Porsche + Poggenpohl in the Kitchen

General / Products / February 4, 2015

The last time the designers at Poggenpohl and Porsche Design Studio got together was in 2009.

The result was the P`7340, a fitted kitchen built for a man’s needs and tastes, along the lines of the precious little speedster that’s been dominating Germany’s Autobahn since the end of World War II.

Now the two firms have joined forces again – to design a kitchen that’s a little more family-oriented, and ready to accommodate multiple generations.

It’s called the P`7350, and it’s about connecting the kitchen with the rest of the home. “There’s a glass top that connects the cook top with the dining table or island, and a backsplash that’s see-through, with no barrier between you and your guests,” says Lori Dolnick, spokesperson for Poggenpohl. “It’s connecting cooking and eating spaces.”

It’s also on the cutting edge of what’s trending now in kitchen design, departing from the horizontal lines of conventional kitchens. Using  industrial mitering of its cabinet front and body, the two merge to form an exquisitely engineered, vertical line. The mitered cut of the cabinet body is then covered with a stainless steel-effect aluminum profile.

“The blades or trim go vertically up and down in between the cabinet boxes – the front is laminate and the sides are brushed aluminum blades,” she says. “Plus the recessed aluminum feature goes all way up to the countertop, with the counters going across horizontally.”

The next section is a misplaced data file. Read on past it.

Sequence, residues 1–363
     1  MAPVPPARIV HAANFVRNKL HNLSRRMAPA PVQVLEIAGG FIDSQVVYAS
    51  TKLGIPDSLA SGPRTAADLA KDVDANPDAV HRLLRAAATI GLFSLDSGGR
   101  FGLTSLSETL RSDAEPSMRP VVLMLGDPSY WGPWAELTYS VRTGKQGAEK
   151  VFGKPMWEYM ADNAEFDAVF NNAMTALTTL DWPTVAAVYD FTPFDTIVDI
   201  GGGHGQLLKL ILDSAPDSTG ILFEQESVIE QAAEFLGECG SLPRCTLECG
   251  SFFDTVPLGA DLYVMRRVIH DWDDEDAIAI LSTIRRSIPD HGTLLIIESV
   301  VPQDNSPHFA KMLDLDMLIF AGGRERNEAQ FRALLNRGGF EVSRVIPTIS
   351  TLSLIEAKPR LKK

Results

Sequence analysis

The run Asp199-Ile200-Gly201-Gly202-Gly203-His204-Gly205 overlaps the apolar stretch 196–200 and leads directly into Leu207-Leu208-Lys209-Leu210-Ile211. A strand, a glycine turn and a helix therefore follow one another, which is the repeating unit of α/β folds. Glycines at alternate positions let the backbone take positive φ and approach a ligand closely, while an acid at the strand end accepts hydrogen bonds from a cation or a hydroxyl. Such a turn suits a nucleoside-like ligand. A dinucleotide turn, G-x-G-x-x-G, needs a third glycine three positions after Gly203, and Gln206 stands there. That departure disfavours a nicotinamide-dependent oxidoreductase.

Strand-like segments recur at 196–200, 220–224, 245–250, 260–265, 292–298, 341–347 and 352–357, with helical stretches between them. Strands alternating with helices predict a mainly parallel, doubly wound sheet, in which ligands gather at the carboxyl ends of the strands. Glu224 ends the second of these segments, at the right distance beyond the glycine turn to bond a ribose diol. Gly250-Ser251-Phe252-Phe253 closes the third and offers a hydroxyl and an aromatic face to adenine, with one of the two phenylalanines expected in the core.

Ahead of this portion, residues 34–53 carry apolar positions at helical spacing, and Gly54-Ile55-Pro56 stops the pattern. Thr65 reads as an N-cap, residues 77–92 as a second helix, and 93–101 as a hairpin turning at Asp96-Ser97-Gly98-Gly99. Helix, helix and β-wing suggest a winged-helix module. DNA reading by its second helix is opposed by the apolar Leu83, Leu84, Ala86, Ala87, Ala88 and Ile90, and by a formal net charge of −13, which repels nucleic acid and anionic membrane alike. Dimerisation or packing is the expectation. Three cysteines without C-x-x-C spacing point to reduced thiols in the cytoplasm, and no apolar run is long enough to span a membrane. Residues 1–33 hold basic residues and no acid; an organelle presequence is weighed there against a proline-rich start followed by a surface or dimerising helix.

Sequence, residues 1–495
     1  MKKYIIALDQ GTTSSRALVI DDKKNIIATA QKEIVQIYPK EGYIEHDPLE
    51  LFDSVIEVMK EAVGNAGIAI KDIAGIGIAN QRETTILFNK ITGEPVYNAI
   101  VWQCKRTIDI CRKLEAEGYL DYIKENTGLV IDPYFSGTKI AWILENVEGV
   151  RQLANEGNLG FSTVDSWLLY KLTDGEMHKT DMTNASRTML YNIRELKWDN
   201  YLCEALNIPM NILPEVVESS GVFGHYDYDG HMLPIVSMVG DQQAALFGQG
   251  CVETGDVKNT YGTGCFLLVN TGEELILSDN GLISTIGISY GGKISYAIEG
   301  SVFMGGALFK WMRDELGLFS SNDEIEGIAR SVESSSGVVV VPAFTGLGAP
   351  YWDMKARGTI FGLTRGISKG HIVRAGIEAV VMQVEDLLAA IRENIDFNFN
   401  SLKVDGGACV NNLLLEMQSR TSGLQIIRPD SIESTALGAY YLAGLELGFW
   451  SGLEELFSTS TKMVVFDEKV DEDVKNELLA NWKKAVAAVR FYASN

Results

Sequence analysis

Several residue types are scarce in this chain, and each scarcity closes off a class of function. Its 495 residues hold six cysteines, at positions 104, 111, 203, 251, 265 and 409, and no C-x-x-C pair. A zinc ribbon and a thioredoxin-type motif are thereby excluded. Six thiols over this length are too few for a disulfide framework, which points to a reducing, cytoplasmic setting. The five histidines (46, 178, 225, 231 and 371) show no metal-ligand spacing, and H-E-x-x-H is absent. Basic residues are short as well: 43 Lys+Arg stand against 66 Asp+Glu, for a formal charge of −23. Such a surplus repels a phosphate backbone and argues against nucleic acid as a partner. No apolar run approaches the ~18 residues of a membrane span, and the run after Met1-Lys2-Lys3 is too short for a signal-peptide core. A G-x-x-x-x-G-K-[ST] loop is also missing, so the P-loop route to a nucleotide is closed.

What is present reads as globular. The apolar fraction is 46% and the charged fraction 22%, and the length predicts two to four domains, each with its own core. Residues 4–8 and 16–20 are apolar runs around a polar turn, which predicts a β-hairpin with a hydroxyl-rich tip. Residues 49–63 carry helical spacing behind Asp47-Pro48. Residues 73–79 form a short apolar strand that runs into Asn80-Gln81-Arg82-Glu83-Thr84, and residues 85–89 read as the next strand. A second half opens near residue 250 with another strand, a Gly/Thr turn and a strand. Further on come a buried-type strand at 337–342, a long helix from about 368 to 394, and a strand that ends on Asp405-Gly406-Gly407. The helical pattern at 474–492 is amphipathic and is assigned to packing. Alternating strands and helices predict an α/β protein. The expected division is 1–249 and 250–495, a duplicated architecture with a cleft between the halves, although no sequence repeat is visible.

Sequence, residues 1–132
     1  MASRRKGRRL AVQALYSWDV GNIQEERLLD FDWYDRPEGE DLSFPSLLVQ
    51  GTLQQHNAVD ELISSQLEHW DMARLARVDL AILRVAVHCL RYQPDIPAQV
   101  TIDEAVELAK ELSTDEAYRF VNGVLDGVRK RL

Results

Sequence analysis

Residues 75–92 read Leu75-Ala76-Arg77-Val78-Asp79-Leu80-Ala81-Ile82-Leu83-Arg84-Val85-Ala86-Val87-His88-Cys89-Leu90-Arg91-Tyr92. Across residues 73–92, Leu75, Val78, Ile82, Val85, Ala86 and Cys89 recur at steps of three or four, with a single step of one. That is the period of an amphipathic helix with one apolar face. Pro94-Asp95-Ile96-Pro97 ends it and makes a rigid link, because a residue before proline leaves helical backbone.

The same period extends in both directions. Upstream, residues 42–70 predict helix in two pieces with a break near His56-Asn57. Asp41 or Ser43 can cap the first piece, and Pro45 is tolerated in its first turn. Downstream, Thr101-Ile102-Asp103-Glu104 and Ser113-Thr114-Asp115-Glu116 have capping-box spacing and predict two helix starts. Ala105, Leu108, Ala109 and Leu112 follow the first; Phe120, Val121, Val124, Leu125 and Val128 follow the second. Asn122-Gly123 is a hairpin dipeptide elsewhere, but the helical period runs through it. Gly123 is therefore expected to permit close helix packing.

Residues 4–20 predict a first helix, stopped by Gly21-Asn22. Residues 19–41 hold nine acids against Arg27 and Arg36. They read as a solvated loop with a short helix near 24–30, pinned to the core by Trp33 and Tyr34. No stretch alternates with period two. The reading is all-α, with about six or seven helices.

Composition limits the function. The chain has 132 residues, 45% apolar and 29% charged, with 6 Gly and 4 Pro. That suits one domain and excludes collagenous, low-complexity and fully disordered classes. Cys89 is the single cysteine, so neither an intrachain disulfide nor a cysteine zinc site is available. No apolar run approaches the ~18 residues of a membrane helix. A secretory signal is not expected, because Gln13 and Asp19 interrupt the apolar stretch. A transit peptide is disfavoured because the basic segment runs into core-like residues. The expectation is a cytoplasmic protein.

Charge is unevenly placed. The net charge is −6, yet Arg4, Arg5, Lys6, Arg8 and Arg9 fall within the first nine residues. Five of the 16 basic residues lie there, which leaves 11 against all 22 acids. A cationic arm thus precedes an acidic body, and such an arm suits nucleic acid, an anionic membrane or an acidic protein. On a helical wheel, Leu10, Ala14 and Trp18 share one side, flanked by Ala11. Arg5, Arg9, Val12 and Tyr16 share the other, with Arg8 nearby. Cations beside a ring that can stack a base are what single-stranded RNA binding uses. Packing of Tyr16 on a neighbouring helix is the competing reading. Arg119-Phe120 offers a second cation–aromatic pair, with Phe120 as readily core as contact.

The colors, too, are keeping up with the newest trends in kitchen palettes. The finishes are basically neutral – black, white and gray, with an optional gray walnut wood veneer as well.

“Gray has surpassed beige in kitchen design,” she says. “This is a kitchen that goes with a lot of surfaces right now.”

And where 2009’s P`7340 may have been a masculine kitchen designed for a handful of sales every year, the P`7350’s more likely to be a mainstay in the Poggenpohl line. “It makes it easy for people to share spaces, with connected spaces,” she says. “It’s really about horizontal meeting vertical to explore further and create something for the family.”

And, with a whole lot of style.

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Michael Welton




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